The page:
In a scathing editorial for Politico entitled “In Cuba, Obama Will Legitimize the Corrupt and Ignore the Oppressed,” GOP presidential hopeful Sen. Ted Cruz blasted President Obama for his “legacy-building” Cuba trip. In effect, the Texas senator critiqued the president’s worldview, a perspective informed by Left-wing meta-narratives. “Communist Havana has always been a magnet for the radical chic of the left, drawn like moths to the flame of this western outpost of totalitarian Communism,” began Cruz. “Back in the 1960s, the visitors included Angela Davis and Stokely Carmichael, while Che Guevara himself received Jean-Paul Sartre. Now this scene will include a president of the United States.” By locating Obama’s “unprecedented” trip within a larger and well-established intellectual tradition of Leftist communist apologia, Cruz not only downplayed the apparent historical significance of U.S.-Cuban rapprochement, but recast Obama as a misguided postmodern theorist, rather than a realist diplomat.
On Sunday, President Barack Obama, a retinue of celebrities in tow, is expected to arrive in the Cuban capital to hang out with Raul Castro and his henchmen, all of which will be breathlessly documented by the media mavens along for the ride.
Meanwhile, political prisoners languishing in dungeons across the island will hear this message: Nobody has your back. You’re alone with your tormentors. The world has forgotten about you.
They will not be on TV, rubbing elbows with the Obamas or left-wing politicians like Nancy Pelosi. There will be no mojitos at the U.S. Embassy for them. Raul Castro denies their very existence.
News reports say there are more than 100 long-term prisoners of conscience in Cuba. Nobody knows for sure, as the Castro regime does not grant international organizations access to its prisons. But we know they are there and that hundreds are held for shorter periods, and beaten in prison regularly.
As a son of Cuban immigrants, Cruz knows full well the horrors the Castro regime has inflicted on its people. “I am the son of a Cuban who was beaten and tortured by Batista’s regime, and my aunt was likewise brutalized by Castro’s thugs,” explained Cruz. “Thankfully, both my father and my Tía Sonia found freedom in the United States.”
Cruz’s editorial was published early Sunday and likely penned a few days prior. On Monday, President Obama held a joint press conference with Raul Castro. Cruz’s editorial proved prescient. Both in tone and tenor, the Cuban autocrat was defiant, refusing to even acknowledge the reality of political prisoners.
"What political prisoners?" asks Pres Castro in response to a question. Challenges reporter to provide list of political prisoners in Cuba.— Mark Knoller (@markknoller) March 21, 2016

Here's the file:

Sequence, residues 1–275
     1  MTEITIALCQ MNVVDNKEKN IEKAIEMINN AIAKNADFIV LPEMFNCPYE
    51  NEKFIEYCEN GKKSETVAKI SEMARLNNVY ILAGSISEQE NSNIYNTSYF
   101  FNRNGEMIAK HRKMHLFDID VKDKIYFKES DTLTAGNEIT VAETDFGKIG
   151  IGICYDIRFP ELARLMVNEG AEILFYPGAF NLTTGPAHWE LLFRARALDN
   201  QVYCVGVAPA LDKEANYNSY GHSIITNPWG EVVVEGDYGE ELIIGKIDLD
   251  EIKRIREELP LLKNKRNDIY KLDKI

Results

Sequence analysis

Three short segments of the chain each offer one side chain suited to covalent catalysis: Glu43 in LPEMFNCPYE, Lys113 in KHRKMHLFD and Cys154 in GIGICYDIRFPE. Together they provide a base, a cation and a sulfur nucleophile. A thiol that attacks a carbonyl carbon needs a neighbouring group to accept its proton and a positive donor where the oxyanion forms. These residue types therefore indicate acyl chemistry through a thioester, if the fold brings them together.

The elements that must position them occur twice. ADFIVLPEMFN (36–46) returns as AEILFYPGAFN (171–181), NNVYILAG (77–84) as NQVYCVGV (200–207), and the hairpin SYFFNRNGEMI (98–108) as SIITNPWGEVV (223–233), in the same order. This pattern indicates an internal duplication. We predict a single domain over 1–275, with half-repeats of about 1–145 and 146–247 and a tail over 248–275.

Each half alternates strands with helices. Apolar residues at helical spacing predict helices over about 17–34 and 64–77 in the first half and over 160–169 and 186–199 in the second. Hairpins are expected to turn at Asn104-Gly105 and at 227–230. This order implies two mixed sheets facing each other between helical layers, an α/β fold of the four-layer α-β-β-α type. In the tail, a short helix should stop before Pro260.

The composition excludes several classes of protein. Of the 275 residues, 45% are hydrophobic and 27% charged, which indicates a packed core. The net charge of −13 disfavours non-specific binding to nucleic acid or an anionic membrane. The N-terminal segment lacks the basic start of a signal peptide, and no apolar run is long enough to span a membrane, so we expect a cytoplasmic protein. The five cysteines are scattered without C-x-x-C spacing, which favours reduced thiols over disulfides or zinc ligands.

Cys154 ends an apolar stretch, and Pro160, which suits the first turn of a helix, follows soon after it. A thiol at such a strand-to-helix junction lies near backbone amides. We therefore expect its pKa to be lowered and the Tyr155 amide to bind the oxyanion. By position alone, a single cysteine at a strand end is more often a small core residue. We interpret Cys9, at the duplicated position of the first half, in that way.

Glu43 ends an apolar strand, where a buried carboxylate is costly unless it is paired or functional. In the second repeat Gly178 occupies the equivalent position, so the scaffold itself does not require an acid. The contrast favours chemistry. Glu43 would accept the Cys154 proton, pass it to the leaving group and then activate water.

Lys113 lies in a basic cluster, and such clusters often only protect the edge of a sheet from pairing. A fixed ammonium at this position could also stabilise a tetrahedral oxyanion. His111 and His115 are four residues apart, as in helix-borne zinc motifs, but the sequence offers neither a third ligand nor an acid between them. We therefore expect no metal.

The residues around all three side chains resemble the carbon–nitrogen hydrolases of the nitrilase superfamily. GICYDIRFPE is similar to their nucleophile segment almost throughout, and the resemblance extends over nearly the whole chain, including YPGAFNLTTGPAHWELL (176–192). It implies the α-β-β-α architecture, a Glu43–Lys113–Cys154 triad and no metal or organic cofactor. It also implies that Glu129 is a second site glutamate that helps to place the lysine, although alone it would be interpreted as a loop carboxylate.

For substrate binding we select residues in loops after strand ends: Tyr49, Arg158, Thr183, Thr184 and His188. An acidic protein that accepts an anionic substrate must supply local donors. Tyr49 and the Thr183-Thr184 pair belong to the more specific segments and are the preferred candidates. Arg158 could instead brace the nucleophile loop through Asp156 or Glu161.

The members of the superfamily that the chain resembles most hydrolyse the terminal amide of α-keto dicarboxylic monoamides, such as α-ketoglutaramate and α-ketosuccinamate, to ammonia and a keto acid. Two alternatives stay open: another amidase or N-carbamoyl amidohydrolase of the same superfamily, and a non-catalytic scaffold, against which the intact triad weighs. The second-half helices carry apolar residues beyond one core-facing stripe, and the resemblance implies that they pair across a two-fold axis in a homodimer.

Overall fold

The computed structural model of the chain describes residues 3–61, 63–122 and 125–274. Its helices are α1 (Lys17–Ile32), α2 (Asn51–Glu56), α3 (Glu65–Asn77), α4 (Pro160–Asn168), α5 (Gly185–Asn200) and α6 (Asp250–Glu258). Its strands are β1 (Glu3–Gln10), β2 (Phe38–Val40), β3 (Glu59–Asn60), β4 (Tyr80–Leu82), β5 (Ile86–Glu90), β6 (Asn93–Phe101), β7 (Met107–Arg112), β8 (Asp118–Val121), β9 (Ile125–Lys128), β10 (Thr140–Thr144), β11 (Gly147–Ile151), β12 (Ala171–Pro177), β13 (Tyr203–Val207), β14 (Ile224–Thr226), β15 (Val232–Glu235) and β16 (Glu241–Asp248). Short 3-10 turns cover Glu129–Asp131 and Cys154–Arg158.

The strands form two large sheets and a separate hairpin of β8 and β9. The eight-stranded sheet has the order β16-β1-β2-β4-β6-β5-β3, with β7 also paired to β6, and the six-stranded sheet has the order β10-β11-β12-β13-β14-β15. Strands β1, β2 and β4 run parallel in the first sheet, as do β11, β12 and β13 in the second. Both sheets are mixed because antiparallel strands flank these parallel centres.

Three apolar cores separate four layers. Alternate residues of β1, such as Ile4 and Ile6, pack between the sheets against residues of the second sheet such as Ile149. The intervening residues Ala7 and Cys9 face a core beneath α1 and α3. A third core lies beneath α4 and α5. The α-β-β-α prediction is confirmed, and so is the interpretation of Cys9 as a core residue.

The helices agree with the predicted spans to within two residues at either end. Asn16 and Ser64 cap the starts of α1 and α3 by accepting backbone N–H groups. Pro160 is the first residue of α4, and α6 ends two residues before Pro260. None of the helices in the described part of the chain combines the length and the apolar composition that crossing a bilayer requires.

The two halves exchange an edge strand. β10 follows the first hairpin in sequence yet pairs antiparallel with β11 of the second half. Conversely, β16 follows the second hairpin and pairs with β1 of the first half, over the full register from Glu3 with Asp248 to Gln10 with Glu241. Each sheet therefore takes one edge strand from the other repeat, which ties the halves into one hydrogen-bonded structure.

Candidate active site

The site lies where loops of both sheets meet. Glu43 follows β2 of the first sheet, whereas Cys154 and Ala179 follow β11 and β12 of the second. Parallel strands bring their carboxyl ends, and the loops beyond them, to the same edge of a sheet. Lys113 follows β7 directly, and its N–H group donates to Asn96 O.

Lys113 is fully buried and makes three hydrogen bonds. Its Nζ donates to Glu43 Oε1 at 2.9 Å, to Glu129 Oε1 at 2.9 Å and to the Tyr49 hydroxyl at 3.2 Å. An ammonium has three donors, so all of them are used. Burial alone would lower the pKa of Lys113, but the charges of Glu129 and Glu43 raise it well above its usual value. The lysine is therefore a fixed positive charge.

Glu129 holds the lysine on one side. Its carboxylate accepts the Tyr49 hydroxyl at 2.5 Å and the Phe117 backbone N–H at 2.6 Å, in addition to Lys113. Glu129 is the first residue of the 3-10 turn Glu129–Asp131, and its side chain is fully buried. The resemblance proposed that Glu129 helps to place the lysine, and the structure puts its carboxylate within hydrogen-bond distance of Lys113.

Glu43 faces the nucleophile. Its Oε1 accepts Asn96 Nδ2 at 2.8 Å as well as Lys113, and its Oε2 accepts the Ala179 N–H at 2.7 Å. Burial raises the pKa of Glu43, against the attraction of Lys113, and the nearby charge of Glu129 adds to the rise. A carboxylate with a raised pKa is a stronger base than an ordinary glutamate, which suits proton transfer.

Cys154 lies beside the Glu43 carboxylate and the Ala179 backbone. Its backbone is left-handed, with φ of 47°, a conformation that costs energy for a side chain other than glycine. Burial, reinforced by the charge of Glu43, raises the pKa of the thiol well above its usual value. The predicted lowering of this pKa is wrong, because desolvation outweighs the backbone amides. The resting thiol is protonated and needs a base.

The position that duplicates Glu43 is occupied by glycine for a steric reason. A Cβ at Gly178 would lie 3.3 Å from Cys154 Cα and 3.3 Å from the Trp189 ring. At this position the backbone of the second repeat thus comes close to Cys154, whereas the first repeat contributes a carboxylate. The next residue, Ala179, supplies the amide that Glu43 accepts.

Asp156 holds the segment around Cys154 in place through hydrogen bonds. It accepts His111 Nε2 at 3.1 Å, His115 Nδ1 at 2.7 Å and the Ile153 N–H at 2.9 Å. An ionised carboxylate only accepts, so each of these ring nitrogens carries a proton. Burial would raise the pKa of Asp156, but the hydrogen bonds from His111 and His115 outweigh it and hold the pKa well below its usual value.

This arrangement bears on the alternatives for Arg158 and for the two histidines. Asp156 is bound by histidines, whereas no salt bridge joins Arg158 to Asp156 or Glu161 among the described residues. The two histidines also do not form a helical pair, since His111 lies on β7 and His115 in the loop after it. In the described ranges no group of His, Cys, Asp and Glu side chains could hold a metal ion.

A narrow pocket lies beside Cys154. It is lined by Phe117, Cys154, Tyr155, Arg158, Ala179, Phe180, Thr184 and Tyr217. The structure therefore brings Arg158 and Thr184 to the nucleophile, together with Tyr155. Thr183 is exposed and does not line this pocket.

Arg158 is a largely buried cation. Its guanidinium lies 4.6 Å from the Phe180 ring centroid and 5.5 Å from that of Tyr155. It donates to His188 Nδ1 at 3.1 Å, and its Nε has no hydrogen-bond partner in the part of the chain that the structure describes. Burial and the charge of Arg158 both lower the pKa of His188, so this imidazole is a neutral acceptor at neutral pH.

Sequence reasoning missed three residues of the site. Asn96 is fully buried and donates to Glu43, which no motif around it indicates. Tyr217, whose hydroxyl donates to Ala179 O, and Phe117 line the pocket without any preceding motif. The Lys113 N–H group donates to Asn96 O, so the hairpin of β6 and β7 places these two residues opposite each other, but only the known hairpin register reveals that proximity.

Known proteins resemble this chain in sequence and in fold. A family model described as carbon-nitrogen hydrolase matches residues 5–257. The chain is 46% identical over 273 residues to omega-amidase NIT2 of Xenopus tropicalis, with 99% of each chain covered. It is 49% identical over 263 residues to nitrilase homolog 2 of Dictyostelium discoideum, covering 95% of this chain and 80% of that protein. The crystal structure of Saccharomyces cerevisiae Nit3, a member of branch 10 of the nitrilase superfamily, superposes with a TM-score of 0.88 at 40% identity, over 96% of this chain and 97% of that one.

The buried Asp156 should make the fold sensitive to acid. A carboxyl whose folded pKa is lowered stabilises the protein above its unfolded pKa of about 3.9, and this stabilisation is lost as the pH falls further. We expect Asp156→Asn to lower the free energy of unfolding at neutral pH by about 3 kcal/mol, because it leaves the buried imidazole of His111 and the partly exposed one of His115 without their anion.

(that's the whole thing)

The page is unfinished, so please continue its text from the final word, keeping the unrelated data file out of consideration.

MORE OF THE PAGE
Raul Castro says the Cubans don't have political prisoners, standing next to President Obama.— Rick Klein (@rickklein) March 21, 2016
RT @JohnSurico: Castro being such a Castro in this press conference.— WhiteHousePressCorps (@whpresscorps) March 21, 2016
It was a shocking moment that we should have expected. As Cruz wrote, “The effect” of Obama’s conciliatory gestures “will not be liberalization but rather the institutionalization of the Communist dictatorship as the profits from this détente will line the pockets not only of Fidel and Raul Castro, but also of Raul’s son, Alejandro Castro Espin.”
Detailing the Castro regime’s unwavering commitment to human rights abuses, Cruz asserted:
I have news, Mr. President: No progress has taken place. Cuba is going backward.
Over the weekend a makeshift boat was rescued off Marco Island carrying 18 desperate refugees who were willing to risk their lives rather than endure the “progress” in Cuba. Nine had perished on the journey.
The independent Cuban Commission for Human Rights and National Reconciliation says that 1,141 Cubans were detained for political reasons last month alone, following the 1,447 that were detained in January.
So sycophancy is having the effect is always does: It is telling our enemies that they can behave with impunity.
As Cuban-Americans speak out against what they deem to legitimization of a dictatorial regime, Sen. Cruz and other U.S. lawmakers continue to speak out for the forgotten people of Cuba. In an editorial likely dismissed as partisan by the administration, Cruz said what Obama should have to Raul Castro’s face: “I have a word for the people of Cuba who will witness the gaudy spectacle in Havana this weekend: America has not forgotten you.”